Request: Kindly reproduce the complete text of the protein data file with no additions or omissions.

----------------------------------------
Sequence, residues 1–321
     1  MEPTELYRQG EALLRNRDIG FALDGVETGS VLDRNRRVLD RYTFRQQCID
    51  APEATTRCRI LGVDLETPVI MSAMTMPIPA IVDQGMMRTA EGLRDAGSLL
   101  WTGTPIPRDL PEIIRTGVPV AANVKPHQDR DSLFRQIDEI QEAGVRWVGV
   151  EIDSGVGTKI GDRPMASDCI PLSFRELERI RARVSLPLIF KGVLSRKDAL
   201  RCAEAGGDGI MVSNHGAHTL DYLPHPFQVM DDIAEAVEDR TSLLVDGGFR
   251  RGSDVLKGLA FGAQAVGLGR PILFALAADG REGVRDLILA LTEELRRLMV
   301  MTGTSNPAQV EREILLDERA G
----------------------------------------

Sequence, residues 1–321
     1  MEPTELYRQG EALLRNRDIG FALDGVETGS VLDRNRRVLD RYTFRQQCID
    51  APEATTRCRI LGVDLETPVI MSAMTMPIPA IVDQGMMRTA EGLRDAGSLL
   101  WTGTPIPRDL PEIIRTGVPV AANVKPHQDR DSLFRQIDEI QEAGVRWVGV
   151  EIDSGVGTKI GDRPMASDCI PLSFRELERI RARVSLPLIF KGVLSRKDAL
   201  RCAEAGGDGI MVSNHGAHTL DYLPHPFQVM DDIAEAVEDR TSLLVDGGFR
   251  RGSDVLKGLA FGAQAVGLGR PILFALAADG REGVRDLILA LTEELRRLMV
   301  MTGTSNPAQV EREILLDERA G